Stocks had their best day in weeks Thursday after solid demand for another Treasury auction and encouraging earnings reports from retailer Bed, Bath & Beyond and homebuilder Lennar.
The Dow Jones Industrial Average snapped a four-day losing streak, gaining 172.54, or 2.1 percent, to close at 8,472.40. The S&P 500 added 2.2 percent and the Nasdaq gained 2.1 percent.
For both the Dow and Nasdaq, it was the best one-day point and percentage gain since June 1.
Stocks had opened lower after weekly jobless claims came in higher than expected but quickly rebounded.
Solid demand for yet another Treasury auction boosted confidence: The U.S. sold $27 billion of seven-year notes with a yield of 3.329 percent. This was the latest sign that the government isn't having any trouble selling its debt, following strong demand for auctions of 2-year and 5-year notes in the past two days. In all, the government sold a record $104 billion worth of debt this week.
And investors were somewhat relieved when Federal Reserve Chairman Ben Bernanke's testimony on Capitol Hill ended.
The Fed chairman testified on Capitol Hill today, saying he didn't bully Bank of Americainto buying Merrill.
"I did not tell Bank of America's management that the Federal Reserve would take action against the board or management" if they decided to invoke a clause in the acquisition contract in an attempt to stop the deal, Bernanke told the House Oversight and Government Reform Committee. "Moreover, I did not instruct anyone to indicate to Bank of America that the Federal Reserve would take any particular action under those circumstances."
Bank of America stock ended flat at $12.35 after Citigroupslashed its price target on the stock to $18 from $20, predicting a big writedown on Merrill Lynch debt and Bank of America announced that it has raised over $12 billion in fresh capital.
Jefferies Group advanced 6.6 percent afte the investment bank posted earnings and outlook that beat expectations.
Overall, bank stocks were mostly higher, with the SPDR financial ETF finishing up 2.2 percent.
Retail stocks were among the day's biggest winners after Bed, Bath & Beyond reported a surprise profit as its results were helped by cost-cutting measures.
Bed, Bath & Beyond shot up 9.5 percent. JCPenney jumped 6 percent and Home Depot gained 3.9 percent.
Rental-car giant Hertz surprised the market by posting a 2009 profit and its CEO told CNBC that it was buying new cars as fast as it couldto meet surging demand. Shares rose 16 percent.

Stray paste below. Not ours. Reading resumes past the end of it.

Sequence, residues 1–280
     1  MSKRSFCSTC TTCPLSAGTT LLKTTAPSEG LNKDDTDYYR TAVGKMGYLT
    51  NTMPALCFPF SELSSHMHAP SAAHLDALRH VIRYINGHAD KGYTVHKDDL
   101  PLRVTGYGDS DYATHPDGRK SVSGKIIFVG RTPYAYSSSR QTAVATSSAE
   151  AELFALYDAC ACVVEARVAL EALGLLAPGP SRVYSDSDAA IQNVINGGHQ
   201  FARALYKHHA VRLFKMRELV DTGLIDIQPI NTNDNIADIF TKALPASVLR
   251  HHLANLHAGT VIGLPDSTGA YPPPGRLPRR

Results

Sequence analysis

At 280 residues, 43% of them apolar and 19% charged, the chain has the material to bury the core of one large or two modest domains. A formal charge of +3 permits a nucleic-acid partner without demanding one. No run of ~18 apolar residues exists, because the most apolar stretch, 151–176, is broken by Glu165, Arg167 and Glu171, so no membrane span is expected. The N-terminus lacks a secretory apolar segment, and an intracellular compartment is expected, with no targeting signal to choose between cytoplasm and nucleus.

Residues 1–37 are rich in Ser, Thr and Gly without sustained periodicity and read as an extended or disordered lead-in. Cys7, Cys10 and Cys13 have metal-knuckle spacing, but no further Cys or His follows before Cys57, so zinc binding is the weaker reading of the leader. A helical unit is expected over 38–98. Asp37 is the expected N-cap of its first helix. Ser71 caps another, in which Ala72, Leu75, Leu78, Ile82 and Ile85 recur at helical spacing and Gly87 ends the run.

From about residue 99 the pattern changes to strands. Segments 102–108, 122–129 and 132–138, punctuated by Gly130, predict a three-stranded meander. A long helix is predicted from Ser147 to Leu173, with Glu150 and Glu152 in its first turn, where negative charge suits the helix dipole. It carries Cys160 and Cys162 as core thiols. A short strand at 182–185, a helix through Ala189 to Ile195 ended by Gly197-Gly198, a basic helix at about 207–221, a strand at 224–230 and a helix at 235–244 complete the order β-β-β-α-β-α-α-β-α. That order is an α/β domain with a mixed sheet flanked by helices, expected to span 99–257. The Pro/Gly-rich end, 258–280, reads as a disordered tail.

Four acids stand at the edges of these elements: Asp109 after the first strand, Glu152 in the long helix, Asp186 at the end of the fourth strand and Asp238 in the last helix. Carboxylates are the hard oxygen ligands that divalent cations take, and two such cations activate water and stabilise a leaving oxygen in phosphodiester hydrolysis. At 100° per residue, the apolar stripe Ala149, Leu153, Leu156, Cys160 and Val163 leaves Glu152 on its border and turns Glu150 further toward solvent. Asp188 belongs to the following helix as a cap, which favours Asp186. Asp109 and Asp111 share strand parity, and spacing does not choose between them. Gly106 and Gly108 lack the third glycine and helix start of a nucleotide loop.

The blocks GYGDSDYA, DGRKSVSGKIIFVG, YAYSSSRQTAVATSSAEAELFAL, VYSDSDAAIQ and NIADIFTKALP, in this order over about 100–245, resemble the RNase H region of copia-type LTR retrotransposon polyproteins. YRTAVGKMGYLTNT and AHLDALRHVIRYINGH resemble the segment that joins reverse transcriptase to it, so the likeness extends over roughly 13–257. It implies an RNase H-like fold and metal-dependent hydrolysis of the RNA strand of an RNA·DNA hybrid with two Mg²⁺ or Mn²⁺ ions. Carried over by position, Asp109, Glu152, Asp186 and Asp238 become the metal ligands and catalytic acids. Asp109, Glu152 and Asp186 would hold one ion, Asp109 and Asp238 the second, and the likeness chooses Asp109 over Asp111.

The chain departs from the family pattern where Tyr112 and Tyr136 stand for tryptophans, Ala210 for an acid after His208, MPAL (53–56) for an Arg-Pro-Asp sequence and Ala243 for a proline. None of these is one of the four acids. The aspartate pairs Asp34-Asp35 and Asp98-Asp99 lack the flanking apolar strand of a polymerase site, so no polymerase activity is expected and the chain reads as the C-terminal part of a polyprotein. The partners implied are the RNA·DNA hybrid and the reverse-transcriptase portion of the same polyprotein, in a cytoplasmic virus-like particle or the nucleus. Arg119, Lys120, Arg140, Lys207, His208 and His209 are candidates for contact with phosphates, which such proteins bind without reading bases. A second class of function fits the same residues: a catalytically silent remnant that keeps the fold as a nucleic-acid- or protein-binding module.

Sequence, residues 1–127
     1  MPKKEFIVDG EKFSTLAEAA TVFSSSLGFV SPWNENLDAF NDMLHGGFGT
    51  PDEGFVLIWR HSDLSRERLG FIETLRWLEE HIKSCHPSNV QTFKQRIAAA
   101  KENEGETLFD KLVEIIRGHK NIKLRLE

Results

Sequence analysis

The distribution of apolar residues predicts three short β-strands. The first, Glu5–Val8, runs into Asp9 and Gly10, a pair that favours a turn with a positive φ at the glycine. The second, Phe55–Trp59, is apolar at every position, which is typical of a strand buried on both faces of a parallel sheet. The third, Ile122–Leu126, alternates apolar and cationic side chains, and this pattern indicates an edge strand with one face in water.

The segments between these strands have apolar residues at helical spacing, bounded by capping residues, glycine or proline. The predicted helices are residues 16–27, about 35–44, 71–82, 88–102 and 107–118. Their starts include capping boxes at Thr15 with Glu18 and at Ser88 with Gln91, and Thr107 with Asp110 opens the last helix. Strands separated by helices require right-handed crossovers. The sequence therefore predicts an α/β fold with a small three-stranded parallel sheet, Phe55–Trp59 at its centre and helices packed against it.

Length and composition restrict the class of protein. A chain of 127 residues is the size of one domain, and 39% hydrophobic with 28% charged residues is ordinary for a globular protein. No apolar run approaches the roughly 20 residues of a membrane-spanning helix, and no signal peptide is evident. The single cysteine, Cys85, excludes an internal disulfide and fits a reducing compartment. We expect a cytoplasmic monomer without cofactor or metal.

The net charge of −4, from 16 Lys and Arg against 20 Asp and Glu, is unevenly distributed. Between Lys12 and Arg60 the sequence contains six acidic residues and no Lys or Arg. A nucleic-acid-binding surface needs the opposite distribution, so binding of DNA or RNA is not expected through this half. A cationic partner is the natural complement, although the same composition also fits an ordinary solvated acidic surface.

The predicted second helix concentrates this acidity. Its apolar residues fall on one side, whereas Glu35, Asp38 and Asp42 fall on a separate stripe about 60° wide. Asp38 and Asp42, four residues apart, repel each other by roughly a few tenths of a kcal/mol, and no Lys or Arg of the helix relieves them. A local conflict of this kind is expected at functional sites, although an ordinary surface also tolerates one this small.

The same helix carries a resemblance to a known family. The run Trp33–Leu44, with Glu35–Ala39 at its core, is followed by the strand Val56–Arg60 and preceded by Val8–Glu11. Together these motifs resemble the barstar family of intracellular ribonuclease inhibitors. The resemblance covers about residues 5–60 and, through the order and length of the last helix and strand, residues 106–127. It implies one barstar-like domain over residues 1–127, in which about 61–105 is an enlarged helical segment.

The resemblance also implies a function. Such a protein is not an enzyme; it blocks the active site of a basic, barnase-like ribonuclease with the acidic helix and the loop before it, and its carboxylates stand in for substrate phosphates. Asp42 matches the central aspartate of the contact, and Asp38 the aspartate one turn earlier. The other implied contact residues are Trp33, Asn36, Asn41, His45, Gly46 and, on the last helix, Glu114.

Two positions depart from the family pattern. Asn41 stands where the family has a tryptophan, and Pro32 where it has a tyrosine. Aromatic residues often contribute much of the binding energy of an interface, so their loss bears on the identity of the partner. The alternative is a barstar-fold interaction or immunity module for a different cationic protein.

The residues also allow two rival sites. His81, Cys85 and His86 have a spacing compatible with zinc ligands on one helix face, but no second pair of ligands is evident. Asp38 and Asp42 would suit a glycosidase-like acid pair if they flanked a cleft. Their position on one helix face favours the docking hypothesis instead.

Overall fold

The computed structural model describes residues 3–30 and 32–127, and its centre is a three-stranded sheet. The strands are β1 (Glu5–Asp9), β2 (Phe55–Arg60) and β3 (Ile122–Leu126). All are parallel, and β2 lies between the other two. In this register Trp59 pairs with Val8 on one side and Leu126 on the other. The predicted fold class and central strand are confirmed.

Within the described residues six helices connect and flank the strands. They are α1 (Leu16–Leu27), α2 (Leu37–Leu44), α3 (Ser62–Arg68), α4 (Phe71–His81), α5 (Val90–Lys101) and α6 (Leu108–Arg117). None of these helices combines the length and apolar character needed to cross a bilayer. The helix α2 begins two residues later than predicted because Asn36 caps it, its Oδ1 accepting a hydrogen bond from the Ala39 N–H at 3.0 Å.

Homebuilder stocks also rose, with shares of Lennar soaring 18 percent, after the company posted a wider-than-expected loss but reported an increase in new home sales and orders.
Nike shares skidded 3.3 percent after the sports-gear maker posted a surprise increase in profit but said its forward orders dropped 12 percent.
And Kimberly-Clark shares gained 1.9 percent after the company,which makes Kleenex tissues and Huggies diapers, announced plans to slash 1,600 jobs, or about 3 percent of its workforce, and incur $150 million in charges in an effort to boost its competitive edge.
Tech stocks continued to outperform the broader market after Oracle beat earnings expectations and reported record profit margins earlier in the week.
Microsoft shares rose 1.4 percent as the software giant announced plans to slash the price of its new Windows 7 operating system by 8 percent.
Elsewhere in the sector, Yahoo gained 0.5 percent after its shareholders meeting and Analog Devices rose 4.5 percent after
Shares of chip maker Micron Technology rose 3.1 percent and smart-phone maker Palm gained 0.6 percent ahead of their earnings, which came out after the closing bell.
Palm shares rallied after-hours after the company posted a narrower-than-expected lossamid strong demand for the Palm Pre, which just debuted in June. The gadget's popularity is expected to be more fully reflected in the current quarter's results.
Micron Technology, however, saw its shares decline after-hours after posting its 10th consecutive loss.
General Motors shares ticked higher to $1.16 after a bankruptcy judge ruled that a group representing GM retirees can't form an official committeeto negotiate with the automaker.
American International Group shares gained after the insurer said it will cut its federal loan burden by $25 billion by giving the government a preferred stake in two units that will be spun off from the insurance giant.
In the day's economic news, initial jobless claims jumped by 15,000 to 627,000 last week, higher than the expected 600,000 and indicative that the unemployment burden continues to pressure the economy.
"While many analysts pointed to the drop in continuing claims reported last week as evidence of a healing labor market, we are not so sanguine," Joshua Shapiro, chief U.S. economist at MFR, wrote in a note to clients. "With initial claims still very high at above 600K, it is unlikely that new hiring has picked up in any meaningful fashion. More probable is that long-term unemployed are starting to fall off the rolls as the duration of their unemployment benefits reaches the statutory limit."
And the economy contracted 5.5 percent, the Commerce Department said in its final reading on first-quarter GDP. That was a smaller contraction than the 5.7 percent initially reported.
After a two-day meeting, the Federal Reserve said Wednesday that the "pace of economic contraction is slowing" but that it "continues to anticipate that economic conditions are likely to warrant exceptionally low levelsof the federal-funds rate for an extended period."
The Fed also said it would "employ all available tools to promote economic recovery and to preserve price stability." Policy makers didn't introduce any new debt buyback plans.
Still to Come:
FRIDAY: Personal income/spending; consumer sentiment; Earnings from KBHome
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